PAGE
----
Indivisible Capital, Indivisible Future

How are we preparing for a difficult future? Two recent articles have me wondering: one about cooperatives investing in further development, the other about how major disaster reveals our shared feelings and fate.

I have mentioned previously the need to improve education of members about investing in the co-op and in the future. Although excellent contributions are often made to community funds, when it comes to overall treatment of earnings, co-ops’ achievements frequently stop at the door, with little equity allocated to indivisible reserves and to broader cooperative development. Too often, the co-op’s membership-marketing messages, rather than stressing that investment provides an enduring community asset, emphasize instead that “you can get your investment back.”

Social capital in the form of indivisible reserves is under-recognized. Yet this form of shared capital is mentioned, under “member economic participation,” in the international statement of the cooperative values and principles. Cooperators are intended to recognize that the co-op is a gift from the past, a gift for which we are caretakers on behalf of the future.

From northern Italy, home to one of the world’s most advanced cooperative sectors, comes a report of remarkable achievements over several decades. Among these achievements, and essential to a strong and sustained cooperative sector, is recognition of social capital built through indivisible reserves—a legacy of shared wealth. Italian co-ops contribute 3 percent of earnings to a cooperative development fund; federal taxes are eliminated on major portions of earnings when assigned to indivisible reserves; and co-op net assets upon dissolution also go to a development fund.

In a fine statement of the philosophy behind this commitment to social capital, a leading Italian co-op group declares:

“Whereas the shareholders of an ordinary company are its actual owners, the members of a cooperative simply manage assets with a solid territorial identity that will eventually be passed on to future generations. In this way, cooperatives are enterprises that put people before money and work before capital.”

This essential recognition of our obligation to future society is underscored by the occurrence of disasters. Cataclysmic events which disrupt everyday life and upend the social order have a positive element in forcing recognition of our common fate. Routine behavior, including fear and prejudice, can disappear in the face of disaster and urgent, shared survival needs. The priority becomes helping one another.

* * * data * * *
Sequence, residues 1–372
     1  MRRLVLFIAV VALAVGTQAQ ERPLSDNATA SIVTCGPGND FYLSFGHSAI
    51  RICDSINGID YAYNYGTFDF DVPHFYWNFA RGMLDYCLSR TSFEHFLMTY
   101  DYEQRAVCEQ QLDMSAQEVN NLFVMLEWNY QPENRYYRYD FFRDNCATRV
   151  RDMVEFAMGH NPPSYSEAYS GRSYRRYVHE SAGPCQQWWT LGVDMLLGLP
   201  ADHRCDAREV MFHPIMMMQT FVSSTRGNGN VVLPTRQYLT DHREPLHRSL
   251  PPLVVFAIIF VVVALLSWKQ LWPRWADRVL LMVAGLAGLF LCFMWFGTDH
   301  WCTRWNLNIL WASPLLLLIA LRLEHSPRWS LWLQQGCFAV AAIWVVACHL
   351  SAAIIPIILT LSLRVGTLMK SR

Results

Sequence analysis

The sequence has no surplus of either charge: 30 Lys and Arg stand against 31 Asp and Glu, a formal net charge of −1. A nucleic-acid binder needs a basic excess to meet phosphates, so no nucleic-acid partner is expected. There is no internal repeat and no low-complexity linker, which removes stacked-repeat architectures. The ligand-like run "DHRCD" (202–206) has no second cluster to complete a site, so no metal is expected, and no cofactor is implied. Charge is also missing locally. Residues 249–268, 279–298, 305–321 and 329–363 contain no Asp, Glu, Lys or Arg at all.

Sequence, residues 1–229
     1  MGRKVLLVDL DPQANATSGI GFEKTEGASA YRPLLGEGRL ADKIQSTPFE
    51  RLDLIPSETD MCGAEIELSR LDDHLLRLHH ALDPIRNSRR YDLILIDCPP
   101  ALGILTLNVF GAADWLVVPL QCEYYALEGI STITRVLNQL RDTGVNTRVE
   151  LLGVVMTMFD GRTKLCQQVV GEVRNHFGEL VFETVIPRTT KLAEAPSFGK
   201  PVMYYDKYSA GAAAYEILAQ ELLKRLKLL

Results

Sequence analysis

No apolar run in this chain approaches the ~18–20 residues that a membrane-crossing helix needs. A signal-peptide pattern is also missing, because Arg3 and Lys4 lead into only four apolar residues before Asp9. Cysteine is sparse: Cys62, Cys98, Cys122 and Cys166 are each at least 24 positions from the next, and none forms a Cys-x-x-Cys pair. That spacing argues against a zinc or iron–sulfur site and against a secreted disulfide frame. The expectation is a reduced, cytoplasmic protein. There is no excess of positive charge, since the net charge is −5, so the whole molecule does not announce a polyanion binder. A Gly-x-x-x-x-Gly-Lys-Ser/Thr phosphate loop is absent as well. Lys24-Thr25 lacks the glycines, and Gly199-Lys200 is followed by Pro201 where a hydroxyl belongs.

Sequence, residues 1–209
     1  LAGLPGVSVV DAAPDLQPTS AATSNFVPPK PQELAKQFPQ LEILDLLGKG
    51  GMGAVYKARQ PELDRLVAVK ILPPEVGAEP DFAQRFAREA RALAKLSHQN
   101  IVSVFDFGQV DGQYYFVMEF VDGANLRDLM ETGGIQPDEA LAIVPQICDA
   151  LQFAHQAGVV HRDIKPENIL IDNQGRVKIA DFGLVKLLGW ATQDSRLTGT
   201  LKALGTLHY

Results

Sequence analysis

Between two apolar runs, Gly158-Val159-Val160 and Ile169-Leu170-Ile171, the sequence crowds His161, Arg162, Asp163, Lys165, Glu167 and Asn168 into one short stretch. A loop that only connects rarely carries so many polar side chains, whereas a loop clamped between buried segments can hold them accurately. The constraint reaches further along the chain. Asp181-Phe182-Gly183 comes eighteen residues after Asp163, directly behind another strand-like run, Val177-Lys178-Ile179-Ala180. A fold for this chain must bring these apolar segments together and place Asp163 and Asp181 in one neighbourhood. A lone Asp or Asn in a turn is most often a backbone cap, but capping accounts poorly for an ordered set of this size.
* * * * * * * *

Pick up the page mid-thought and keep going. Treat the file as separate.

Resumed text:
Thoughtful discussion of this phenomenon appears in “The Uses of Disaster,” by Rebecca Solnit, in the October 2005 Harper’s:

“The aftermath of disaster is often peculiarly hopeful, and in the rupture of the ordinary, real change often emerges….Disaster recovery is not just a rescue of the needy but also a scramble for power and legitimacy, one that the status quo usually—but not always—wins.”

(In the latter vein, for reasons of social control and testing a martial law scenario the federal administration actively interfered with citizens and organizations attempting to immediately assist coastal storm victims.)

We can anticipate more disasters in the near future. Unfortunately, most of this nation’s public continues in a bubble of either comfort or fear while trying to ignore the changes that are just ahead: storms are growing, the heat is rising, and our pervasive dependence on fossil fuels faces a rude and painful withdrawal of supply. It’s likely that a major economic contraction has already begun—but don’t expect the official messages to provide much support or good advice.

One of many voices warning us about the decline of petroleum-based economies, Jan Lundberg, summarized the downside:

“With the U.S. gobbling up one-fourth of the world’s 80-plus million barrels a day of oil demand, and no sensible policy-change in sight, we are all consigned to involuntary and sudden change through nature’s force and/or global financial events reflecting monumental debt and deficit situations.”

Yet there can be a positive communal response to the disasters that these conditions will provoke. And this connects to our obligation to invest in a cooperative future.

Being clear about values and social capital will make our co-ops stronger in the future. And practicing cooperative values will position us to promote responsible, community-based behavior when circumstances bring everyone outside, greeting strangers and wondering what to do next.

See other articles from this issue: #121 November - December - 2005